With present day elevator installations the elevator cars are lighter than in the case of conventional installations. The risk therefore exists that in the event of failure of the drive control the drive pulley is driven on and an empty, or almost empty, elevator car is also then conveyed in the direction of an upper shaft end when the counterweight has already moved against a buffer and no longer contributes to moving the elevator car. A spacing between the elevator car and the shaft end therefore always has to be ensured, since this spacing defines a protective space which, for example, protects assembly personnel against being caught. Penetration of the elevator car into this protective space has to be prevented. This problem is amplified due to the fact that modern support means are provided with casings or surface profiles which, due to the high coefficients of friction, enable a high level of traction.

SUMMARY OF THE INVENTION

It is therefore the object of the present invention to offer a reliable solution for use in an elevator installation which makes it possible to prevent drawing up the empty or almost empty elevator car (termed overrunning) in the case of failure of the drive control, faulty operation or other faults in the elevator installation. Moreover, the present invention shall also be usable for preventing overrun of the counterweight in an elevator shaft.

The elevator installation has a support device or means engaging a driven drive pulley for driving an elevator car. The support device loops around the drive pulley at least partly and has a safety section which is so arranged that the safety section interacts with the drive pulley when the elevator car or a counterweight after overrunning an upper position approaches an upper shaft end. The safety section is formed in such a manner that a slipping through results due to the interaction between the drive pulley and the support device.

DESCRIPTION OF THE DRAWINGS

The above, as well as other, advantages of the present invention will become readily apparent to those skilled in the art from the following detailed description of a preferred embodiment when considered in the light of the accompanying drawings in which:

FIG. 1A is a schematic sectional view of an elevator installation according to the present invention wherein an elevator car is disposed in a lower end position in the elevator shaft;

FIG. 1B is a view similar to FIG. 1 with the elevator car disposed in an upper end position in the elevator shaft;

FIG. 1C is a view similar to FIG. 2 wherein the elevator car is shown in an overrun situation;

FIG. 2 is a schematic perspective view of an elevator installation according to the present invention;

FIG. 3 is a schematic perspective view of a section of a first belt-like support means according to the present invention; and

FIG. 4 is a schematic side view of a section of a second belt-like support means according to the present invention.

DESCRIPTION OF THE PREFERRED EMBODIMENT

Components which are the same and have similar or same effect are provided in all figures with the same reference numerals.

A first embodiment of the present invention is illustrated in FIGS. 1A to 1C. The example, shown in FIGS. 1A to 1C, is a conventional elevator installation 10 comprising an elevator car 11 which is looped underneath, supported and moved by a support device or means 13. The support means 13 has an elongated body and is so arranged that it is fastened at the two free ends in or at the elevator shaft 14. These fastening points are denoted by F. The support means 13 runs downwardly along the elevator shaft 14 from a first one of the fastening points F on the right side of the shaft. It then loops under the elevator car 11, which has rollers 11.2. On the other side of the elevator car 11 the support means 13 runs upwardly and loops around a drive pulley 16, which, for example, can be driven by a motor 15. Leading from the drive pulley 16, the support means 13 again runs downwardly, loops around a counterweight roller 12.2 at which the counterweight 12 hangs, and extends from there to the second one of the fixing points F.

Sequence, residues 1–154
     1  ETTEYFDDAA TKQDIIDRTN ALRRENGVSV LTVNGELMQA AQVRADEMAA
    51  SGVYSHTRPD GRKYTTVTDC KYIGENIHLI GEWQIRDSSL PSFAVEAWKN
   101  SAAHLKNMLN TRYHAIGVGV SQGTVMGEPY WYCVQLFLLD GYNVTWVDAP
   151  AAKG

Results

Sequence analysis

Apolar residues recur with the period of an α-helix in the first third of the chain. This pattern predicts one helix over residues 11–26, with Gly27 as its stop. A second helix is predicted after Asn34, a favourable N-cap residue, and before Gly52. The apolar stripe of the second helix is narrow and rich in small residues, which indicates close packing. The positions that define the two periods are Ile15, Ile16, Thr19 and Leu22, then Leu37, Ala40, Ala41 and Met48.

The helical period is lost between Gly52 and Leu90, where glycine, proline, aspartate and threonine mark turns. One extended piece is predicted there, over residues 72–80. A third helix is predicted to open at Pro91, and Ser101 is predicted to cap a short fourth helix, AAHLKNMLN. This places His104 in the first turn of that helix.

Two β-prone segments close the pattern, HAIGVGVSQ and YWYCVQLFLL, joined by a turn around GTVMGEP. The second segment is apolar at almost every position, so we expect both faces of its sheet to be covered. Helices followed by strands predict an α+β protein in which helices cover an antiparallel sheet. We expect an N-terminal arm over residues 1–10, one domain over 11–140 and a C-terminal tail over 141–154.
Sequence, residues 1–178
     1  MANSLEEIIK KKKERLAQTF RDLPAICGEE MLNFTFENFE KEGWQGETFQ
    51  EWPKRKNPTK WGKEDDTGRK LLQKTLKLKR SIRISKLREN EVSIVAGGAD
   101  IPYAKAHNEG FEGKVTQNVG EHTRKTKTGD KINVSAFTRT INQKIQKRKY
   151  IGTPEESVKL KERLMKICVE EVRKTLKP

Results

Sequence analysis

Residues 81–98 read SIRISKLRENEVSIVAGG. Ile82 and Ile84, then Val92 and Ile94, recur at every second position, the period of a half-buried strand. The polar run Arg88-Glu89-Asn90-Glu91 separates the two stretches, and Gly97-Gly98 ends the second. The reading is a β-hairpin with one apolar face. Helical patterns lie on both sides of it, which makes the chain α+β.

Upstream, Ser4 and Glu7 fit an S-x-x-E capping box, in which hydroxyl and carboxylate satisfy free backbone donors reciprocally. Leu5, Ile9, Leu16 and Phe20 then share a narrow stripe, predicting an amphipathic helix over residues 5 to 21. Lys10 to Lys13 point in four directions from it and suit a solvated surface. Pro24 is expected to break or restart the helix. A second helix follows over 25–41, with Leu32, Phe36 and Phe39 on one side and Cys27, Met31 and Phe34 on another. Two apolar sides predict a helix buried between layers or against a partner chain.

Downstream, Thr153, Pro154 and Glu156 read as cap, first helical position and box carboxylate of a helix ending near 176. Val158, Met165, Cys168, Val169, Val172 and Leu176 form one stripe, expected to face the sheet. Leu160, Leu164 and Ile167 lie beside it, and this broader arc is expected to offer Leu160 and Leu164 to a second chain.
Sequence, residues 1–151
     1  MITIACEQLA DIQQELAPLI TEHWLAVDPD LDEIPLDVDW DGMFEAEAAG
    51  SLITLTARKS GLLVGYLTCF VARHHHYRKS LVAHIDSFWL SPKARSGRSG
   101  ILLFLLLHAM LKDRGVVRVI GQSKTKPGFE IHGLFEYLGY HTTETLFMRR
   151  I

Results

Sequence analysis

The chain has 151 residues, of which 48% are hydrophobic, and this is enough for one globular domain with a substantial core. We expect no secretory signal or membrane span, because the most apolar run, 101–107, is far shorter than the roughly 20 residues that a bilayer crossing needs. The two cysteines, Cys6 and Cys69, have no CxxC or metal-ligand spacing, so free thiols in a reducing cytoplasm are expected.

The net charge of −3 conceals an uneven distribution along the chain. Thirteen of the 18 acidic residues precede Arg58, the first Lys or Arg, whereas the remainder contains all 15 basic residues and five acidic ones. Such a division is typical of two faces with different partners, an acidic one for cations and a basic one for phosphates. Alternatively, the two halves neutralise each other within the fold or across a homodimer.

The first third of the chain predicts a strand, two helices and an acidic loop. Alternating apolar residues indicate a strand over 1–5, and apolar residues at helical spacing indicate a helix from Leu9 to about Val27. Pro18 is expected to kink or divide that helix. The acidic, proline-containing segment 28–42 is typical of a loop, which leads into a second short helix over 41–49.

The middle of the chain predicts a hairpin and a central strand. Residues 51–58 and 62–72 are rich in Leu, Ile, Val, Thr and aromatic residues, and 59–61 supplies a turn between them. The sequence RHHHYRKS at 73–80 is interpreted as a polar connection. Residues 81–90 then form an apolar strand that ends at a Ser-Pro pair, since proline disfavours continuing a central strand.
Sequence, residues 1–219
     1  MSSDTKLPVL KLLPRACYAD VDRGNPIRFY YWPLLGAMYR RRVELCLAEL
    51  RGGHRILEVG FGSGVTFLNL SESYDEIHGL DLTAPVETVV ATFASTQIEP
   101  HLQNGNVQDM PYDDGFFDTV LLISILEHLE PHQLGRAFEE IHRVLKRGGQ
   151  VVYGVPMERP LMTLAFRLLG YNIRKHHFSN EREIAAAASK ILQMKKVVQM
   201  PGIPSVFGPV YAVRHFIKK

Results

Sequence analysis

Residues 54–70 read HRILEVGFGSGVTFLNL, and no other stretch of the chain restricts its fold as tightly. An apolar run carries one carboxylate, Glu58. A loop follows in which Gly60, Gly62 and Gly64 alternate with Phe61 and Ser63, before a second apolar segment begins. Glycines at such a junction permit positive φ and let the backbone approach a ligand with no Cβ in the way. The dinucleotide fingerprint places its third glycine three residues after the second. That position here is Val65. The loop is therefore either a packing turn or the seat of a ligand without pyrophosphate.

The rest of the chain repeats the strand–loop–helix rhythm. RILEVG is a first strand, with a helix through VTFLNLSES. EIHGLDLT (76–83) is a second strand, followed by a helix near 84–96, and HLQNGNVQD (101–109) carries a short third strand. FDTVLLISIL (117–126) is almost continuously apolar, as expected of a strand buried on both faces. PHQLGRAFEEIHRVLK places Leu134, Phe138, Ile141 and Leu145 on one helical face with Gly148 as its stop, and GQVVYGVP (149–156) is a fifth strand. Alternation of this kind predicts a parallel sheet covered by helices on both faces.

In the illustrated example, a shaft ceiling 14.1 or a form of bridge or beam, which can carry parts of a drive, is arranged at the upper shaft end. The region over which the elevator car 11 can move is thereby upwardly limited, wherein in the elevator shaft 14 an uppermost position (denoted by X in FIGS. 1B and 1C) is defined which may not be overrun. The present invention is obviously not restricted to elevators with an engine room, but is equally usable for elevators without engine rooms. In addition, buffers 11.1 for the elevator car 11 and buffers 12.1 for the counterweight 12 are provided.

In FIGS. 1A to 1C it is indicated that the support means 13 includes a safety section 17 which is so arranged that the safety section 17 comes into interaction with the drive pulley 16 when the elevator car 11, after overrunning the upper position X, approaches the upper shaft end 14.1 or if the counterweight 12, after overrunning an upper position W, approaches the upper shaft end 14.1. According to the present invention, the safety section 17 is so constructed that a slipping through results due to interaction between the drive pulley 16 and the support means 13. Travel of the car 11 into the uppermost region of the shaft is thereby made impossible. The following descriptions essentially refer to overrunning of the elevator car 11. In terms of meaning there is understood, without being specially mentioned, also overrunning of the counterweight 12 in a reverse direction.

Slipping through describes a state in which the drive pulley 16 rotates without the support means 13 resting on the drive pulley 16 making a substantial movement. A friction force present between the drive pulley 16 and the support means 13 or the safety section 17 is not sufficient to move the support means 13. This state of slipping through can also be termed high slip.

By slip there is denoted the behavior of a technical element—in this case the support belt 13—which should actually be moved in synchronism with another element—in this case the drive pulley 16- and in the case of which, however, the movement departs from this synchronous relationship. In that case the driven element usually always “limps” or “lags” somewhat “behind” the driving element. In normal operation of an elevator installation this slip is very low.

The function of the overrun protection is now explained in more detail by reference to FIG. 1C, which by contrast to the two “normal states” shown in FIGS. 1A and 1B shows the moment of overrunning the upper position X.